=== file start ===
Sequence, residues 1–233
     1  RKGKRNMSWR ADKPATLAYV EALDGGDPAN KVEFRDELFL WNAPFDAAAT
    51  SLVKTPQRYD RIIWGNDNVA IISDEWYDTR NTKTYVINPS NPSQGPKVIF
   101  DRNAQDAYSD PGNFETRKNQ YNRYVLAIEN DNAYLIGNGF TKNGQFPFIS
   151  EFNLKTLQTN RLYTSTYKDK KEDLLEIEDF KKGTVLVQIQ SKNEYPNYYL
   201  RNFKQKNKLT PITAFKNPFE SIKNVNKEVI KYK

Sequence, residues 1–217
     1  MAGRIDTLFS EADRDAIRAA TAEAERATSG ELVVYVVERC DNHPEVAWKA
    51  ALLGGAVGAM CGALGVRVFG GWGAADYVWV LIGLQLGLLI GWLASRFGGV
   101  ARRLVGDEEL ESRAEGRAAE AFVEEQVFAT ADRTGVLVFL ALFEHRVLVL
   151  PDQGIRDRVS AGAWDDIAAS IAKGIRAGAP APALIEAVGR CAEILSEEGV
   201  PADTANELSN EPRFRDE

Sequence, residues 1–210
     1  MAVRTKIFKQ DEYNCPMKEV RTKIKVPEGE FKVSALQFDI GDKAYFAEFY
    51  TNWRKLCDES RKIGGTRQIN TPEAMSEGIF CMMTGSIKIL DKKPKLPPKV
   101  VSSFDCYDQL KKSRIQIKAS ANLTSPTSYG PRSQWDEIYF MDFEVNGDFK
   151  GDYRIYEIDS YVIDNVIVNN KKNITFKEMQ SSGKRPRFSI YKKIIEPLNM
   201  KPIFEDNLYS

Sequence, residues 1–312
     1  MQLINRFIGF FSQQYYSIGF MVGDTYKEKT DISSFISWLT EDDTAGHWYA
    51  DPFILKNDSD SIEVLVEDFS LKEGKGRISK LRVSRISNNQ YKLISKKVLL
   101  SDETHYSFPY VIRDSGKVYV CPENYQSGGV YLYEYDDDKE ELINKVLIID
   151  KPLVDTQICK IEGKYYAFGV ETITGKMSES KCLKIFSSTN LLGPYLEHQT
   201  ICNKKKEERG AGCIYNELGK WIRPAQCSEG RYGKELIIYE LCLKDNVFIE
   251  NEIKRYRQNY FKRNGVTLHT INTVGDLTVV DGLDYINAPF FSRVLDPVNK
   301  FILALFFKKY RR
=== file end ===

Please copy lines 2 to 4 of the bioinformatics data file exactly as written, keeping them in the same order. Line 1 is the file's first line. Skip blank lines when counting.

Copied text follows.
     1  RKGKRNMSWR ADKPATLAYV EALDGGDPAN KVEFRDELFL WNAPFDAAAT
    51  SLVKTPQRYD RIIWGNDNVA IISDEWYDTR NTKTYVINPS NPSQGPKVIF
   101  DRNAQDAYSD PGNFETRKNQ YNRYVLAIEN DNAYLIGNGF TKNGQFPFIS